A TKD black belt's adventures in Muay Thai

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As many of you know, I recently switched from TKD (3rd Dan) to BJJ (white belt). My BJJ school recently opened up Muay Thai classes. My instructor is a BJJ black belt with Muay Thai and MMA experience, who has coached professional fighters, up to and including UFC fighters. I've also seen the pictures of what happened when someone tried to burgle him.

The training is very, very different from what I'm used to. We spend most of the time with gloves and shinguards on. But we also spend most of the time practicing on each other. I want to say a typical class is 50% partner drills, 25% bag work, and 25% pad work (usually kicking shield). Our hands and legs are more padded than TKD, but body and head left unprotected, unless we protect it. We're working on body conditioning along with technique, which is something we didn't work on much with Taekwondo. I don't mind the body hits too much (unless I get hit in the same spot over and over again), but I'm not liking when I take one to the head during these drills. This is one of the advantage I see in Taekwondo compared to Muay Thai, it's safer for your brain.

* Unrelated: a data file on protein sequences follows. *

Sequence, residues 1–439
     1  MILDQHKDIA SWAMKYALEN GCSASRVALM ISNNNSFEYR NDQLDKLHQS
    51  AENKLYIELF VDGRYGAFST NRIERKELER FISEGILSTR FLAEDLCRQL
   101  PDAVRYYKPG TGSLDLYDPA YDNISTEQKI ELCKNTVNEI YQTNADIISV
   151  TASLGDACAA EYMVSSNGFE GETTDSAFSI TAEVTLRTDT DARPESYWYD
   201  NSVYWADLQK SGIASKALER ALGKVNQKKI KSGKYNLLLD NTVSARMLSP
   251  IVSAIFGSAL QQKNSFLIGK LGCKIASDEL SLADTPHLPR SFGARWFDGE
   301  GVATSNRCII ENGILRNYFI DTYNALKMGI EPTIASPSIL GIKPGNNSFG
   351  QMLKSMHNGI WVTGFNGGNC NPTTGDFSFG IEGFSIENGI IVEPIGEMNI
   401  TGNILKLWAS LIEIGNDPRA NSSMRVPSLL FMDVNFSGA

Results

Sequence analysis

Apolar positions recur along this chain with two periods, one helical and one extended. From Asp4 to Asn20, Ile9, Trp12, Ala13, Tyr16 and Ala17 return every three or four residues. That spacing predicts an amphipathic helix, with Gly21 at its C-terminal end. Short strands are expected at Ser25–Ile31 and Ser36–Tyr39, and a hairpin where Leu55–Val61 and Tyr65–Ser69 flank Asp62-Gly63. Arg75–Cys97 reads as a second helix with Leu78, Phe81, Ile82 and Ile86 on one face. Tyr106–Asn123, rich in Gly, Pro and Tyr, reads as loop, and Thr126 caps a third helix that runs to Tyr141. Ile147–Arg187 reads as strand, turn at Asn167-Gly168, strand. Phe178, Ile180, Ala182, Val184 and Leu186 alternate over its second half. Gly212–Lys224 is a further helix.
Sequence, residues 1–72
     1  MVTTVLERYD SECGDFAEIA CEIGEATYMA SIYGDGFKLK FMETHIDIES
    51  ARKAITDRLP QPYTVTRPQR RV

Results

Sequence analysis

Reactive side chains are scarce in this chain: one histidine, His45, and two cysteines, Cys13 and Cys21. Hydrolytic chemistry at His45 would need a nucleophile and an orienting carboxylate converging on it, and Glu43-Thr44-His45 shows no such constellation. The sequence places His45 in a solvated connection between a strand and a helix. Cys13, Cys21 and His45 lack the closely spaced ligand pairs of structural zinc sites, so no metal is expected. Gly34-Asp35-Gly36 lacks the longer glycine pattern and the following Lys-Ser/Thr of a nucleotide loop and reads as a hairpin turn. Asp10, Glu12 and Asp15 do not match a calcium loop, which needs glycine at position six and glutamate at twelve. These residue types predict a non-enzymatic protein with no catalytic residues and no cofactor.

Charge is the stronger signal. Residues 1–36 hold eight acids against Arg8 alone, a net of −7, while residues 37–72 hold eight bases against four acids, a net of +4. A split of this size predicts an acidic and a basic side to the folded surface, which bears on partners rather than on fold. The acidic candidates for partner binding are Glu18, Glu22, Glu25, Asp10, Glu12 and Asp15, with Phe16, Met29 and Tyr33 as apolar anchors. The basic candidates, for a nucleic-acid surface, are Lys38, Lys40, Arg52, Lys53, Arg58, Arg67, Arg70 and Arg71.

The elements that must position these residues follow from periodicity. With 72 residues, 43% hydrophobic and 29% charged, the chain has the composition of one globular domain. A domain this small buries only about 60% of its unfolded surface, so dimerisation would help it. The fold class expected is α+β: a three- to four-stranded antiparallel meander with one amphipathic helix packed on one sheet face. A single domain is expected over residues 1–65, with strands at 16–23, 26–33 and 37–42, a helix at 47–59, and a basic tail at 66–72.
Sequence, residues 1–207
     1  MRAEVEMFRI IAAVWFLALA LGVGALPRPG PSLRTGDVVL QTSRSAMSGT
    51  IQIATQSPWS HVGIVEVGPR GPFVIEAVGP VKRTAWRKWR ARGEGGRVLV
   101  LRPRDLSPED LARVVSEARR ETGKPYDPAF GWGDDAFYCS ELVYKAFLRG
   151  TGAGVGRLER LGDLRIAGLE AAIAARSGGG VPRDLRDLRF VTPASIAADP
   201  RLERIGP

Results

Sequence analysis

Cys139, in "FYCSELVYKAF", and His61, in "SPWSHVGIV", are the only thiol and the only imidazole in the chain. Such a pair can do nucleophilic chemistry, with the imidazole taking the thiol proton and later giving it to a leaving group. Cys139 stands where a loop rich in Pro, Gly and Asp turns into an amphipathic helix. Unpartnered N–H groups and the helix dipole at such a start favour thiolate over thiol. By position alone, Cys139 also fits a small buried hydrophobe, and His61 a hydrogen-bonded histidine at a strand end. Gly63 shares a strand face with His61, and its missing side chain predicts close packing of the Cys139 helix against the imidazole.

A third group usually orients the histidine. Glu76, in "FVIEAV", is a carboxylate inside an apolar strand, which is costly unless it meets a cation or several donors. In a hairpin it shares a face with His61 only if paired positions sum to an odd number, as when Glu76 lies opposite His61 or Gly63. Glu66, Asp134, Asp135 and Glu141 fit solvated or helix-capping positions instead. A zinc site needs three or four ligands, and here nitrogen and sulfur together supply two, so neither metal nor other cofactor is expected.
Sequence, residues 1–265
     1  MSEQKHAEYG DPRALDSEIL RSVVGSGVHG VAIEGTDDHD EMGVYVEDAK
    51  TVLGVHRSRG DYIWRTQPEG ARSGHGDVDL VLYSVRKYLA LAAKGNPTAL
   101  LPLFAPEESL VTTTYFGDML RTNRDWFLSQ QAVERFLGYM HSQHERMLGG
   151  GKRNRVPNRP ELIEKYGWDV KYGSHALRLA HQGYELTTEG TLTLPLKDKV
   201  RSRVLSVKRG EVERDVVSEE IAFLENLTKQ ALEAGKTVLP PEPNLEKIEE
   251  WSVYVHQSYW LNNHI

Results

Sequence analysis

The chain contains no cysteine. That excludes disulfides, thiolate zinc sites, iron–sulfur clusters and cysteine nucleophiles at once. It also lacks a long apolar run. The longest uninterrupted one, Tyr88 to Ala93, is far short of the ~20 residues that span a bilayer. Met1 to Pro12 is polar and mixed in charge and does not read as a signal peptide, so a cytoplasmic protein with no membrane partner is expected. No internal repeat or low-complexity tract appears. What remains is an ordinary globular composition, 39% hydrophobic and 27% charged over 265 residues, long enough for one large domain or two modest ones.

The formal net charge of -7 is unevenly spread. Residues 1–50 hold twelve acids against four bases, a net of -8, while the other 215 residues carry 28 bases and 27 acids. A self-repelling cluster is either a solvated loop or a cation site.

Technique-wise, I'm struggling with some things I thought I would, and some things I didn't think I would. There's a few things I know I need to work on and I'm glad I'm training Muay Thai to work on them. There's a few other things (like the specific details about how I punch) that I wonder how many of the corrections are about the Muay Thai way vs. just correct or incorrect. For now, I'll do them the Muay Thai way to learn them as best I can, then make those decisions. And there's some things I excel at. Mostly to do with kicks above the waist. In particular, we were working on spinning kicks, and needless to say I have a pretty good spinning kick compared to the rest of the class. I estimate I've probably done at least half a million back kicks in my life, so I think that's a big part of it.